The World Made Straight
By Ron Rash
Completed March 9, 2012
Ron Rash was recommended to me by a book friend after I vacationed in the Appalachian mountains. I love discovering new authors, especially ones who use their settings as an important part of their storytelling. My friend sent me a copy of The World Made Straight to get me started, and I have to say: I am very intrigued by Rash’s writing.
The World Made Straight focuses on two main characters: Travis, a hothead teenage boy, and Leonard, a former teacher turned drug dealer. As the story unfolds, we read as Travis begins stealing pot plants from a crop he discovers while fishing. He sells the marijuana to Leonard – and for good money – which is why Travis keeps going back to steal more. However, the owner of the marijuana field – the gloriously villainous Carlton Toomey – doesn’t take kindly to thievery, and eventually catches Travis – literally. Travis flees to Leonard to recover from his wounds and to stay away from his father, who beat Travis for his acts of foolishness.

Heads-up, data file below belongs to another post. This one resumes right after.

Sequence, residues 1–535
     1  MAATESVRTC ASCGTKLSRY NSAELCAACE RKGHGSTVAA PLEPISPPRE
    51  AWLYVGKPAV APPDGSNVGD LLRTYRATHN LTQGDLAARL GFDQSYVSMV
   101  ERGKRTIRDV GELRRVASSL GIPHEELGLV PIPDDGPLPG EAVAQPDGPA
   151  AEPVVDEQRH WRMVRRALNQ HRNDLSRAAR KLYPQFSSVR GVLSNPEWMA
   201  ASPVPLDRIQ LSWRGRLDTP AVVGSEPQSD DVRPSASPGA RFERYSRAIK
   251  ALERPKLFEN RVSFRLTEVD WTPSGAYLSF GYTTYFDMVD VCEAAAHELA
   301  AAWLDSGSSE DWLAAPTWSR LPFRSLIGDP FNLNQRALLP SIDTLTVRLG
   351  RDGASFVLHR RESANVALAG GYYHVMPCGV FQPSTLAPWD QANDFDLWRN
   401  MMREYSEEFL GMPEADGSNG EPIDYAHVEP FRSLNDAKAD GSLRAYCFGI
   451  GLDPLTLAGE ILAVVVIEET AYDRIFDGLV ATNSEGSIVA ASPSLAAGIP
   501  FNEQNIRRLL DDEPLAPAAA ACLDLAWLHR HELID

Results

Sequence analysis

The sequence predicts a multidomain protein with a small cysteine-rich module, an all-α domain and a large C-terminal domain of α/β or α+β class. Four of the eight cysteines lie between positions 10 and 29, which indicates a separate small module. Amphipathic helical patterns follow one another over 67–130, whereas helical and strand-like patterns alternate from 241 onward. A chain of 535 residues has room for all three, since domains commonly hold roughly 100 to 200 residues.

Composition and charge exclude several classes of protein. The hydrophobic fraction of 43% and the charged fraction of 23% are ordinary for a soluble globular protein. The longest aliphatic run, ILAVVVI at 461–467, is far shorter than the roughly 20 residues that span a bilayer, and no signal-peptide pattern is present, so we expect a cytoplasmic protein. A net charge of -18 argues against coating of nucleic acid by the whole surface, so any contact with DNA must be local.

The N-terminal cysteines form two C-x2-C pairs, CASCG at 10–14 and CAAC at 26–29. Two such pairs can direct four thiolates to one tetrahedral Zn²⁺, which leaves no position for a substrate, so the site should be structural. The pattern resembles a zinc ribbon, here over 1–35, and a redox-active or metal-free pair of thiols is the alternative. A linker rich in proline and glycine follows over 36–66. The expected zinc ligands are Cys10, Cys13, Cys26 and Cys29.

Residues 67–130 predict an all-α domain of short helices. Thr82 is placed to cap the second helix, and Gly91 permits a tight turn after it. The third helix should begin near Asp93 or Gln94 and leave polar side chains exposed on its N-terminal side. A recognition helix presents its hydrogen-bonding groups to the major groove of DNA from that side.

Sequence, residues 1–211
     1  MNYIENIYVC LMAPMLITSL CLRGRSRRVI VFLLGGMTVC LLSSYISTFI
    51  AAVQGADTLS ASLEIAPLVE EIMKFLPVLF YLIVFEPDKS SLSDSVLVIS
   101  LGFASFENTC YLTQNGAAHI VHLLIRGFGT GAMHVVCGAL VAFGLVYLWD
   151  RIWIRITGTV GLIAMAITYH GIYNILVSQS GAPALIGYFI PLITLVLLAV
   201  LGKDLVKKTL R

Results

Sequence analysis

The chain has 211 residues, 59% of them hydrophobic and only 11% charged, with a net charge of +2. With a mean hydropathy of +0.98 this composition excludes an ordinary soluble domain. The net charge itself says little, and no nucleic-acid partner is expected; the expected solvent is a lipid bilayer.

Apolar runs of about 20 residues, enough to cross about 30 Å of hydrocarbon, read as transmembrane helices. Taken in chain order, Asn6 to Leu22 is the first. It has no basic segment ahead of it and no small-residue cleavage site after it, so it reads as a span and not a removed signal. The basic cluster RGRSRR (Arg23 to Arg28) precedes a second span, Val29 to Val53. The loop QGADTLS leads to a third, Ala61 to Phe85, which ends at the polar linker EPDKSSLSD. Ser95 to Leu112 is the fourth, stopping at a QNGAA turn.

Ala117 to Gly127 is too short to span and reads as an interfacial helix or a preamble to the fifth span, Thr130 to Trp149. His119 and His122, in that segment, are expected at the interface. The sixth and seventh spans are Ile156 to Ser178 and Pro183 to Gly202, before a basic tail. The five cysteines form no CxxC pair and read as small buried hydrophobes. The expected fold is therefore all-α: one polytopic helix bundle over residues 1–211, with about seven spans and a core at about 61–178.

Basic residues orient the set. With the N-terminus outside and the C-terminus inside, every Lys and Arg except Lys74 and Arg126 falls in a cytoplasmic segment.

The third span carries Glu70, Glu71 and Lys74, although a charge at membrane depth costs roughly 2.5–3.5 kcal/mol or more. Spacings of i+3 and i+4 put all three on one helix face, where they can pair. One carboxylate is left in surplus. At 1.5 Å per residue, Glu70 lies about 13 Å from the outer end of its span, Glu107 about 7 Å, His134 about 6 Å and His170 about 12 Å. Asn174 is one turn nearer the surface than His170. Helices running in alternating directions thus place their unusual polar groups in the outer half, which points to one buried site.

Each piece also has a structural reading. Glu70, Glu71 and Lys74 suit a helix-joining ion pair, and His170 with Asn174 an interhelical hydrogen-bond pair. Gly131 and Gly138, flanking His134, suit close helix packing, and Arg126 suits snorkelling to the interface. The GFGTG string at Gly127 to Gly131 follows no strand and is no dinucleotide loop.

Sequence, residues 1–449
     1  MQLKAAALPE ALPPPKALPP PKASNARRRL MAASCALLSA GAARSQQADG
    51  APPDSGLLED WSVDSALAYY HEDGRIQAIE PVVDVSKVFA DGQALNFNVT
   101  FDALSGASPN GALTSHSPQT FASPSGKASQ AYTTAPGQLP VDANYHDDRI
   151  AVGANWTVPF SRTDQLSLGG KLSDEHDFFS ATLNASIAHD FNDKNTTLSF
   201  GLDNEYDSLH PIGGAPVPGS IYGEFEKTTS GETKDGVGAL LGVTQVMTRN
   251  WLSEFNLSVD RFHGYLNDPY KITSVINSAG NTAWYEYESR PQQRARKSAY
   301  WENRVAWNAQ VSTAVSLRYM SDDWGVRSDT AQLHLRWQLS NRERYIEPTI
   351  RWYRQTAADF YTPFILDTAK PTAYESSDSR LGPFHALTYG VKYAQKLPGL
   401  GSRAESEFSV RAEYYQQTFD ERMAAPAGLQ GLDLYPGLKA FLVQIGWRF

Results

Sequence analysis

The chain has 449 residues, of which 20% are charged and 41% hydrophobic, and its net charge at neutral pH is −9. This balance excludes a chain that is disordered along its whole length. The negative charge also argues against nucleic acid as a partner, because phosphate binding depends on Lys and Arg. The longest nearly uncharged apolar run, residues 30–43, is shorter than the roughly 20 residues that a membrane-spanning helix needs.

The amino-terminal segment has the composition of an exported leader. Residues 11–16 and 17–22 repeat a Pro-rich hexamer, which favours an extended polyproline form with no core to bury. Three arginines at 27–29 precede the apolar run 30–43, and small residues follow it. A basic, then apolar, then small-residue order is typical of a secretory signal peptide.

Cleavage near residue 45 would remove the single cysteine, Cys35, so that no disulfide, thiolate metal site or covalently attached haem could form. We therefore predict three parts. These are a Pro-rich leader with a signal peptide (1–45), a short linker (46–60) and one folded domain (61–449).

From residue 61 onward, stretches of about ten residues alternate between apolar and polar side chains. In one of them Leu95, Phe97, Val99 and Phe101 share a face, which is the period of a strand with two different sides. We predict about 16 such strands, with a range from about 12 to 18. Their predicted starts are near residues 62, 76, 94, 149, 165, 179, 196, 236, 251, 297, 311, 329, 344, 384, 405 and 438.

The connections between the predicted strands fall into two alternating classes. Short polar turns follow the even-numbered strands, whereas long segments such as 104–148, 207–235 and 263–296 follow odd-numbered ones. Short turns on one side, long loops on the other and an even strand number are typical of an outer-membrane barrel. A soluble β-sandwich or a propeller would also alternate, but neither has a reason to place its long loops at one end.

Once living together, Leonard becomes a surrogate father for Travis, encouraging him to get his GED and telling him stories about a Civil War massacre that occurred in the mountains, which involved Travis’s ancestors. The Civil War story piques Travis’s interest in learning again and slowly begins his turnaround – until a fateful night when Travis’s temper gets the best of him again.
The World Made Straight is all about correcting past mistakes – to put things “straight’ again. Sometimes, these acts of redemption were vengeful, others were virtuous. With this theme, Rash creates a page-turning book with simple storytelling. His writing style reminds me of Stewart O’Nan with the atmosphere of Charles Frazier. The characters and setting were spot on; however, I had an issue with the Civil War back story. Living in the American South, I know some wounds run very deep, but the “them vs. us” tone was a little much.
All in all, I enjoyed my first foray into the world of Ron Rash, and I look forward to reading more stories by this Appalachian writer. ( )